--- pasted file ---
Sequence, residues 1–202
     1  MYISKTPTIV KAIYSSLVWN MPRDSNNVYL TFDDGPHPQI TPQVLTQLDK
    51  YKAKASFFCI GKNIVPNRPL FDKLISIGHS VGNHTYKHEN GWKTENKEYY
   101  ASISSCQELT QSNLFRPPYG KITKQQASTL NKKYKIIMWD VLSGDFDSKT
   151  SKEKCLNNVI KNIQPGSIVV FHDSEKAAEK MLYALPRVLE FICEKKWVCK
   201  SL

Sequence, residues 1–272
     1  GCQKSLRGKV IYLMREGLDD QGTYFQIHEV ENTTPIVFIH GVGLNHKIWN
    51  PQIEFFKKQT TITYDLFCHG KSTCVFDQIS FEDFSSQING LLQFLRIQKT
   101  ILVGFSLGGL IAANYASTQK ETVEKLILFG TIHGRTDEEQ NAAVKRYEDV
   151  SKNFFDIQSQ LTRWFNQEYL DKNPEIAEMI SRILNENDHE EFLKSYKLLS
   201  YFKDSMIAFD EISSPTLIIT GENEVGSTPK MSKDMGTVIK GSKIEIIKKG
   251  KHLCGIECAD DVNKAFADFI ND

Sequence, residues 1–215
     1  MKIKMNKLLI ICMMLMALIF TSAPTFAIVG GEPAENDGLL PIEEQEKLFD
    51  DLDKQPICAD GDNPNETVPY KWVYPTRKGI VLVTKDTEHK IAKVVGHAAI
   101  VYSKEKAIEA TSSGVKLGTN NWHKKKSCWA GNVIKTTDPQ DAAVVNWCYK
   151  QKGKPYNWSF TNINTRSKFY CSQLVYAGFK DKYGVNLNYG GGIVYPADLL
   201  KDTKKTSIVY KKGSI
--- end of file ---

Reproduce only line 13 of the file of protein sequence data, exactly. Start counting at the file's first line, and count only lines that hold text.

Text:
   251  KHLCGIECAD DVNKAFADFI ND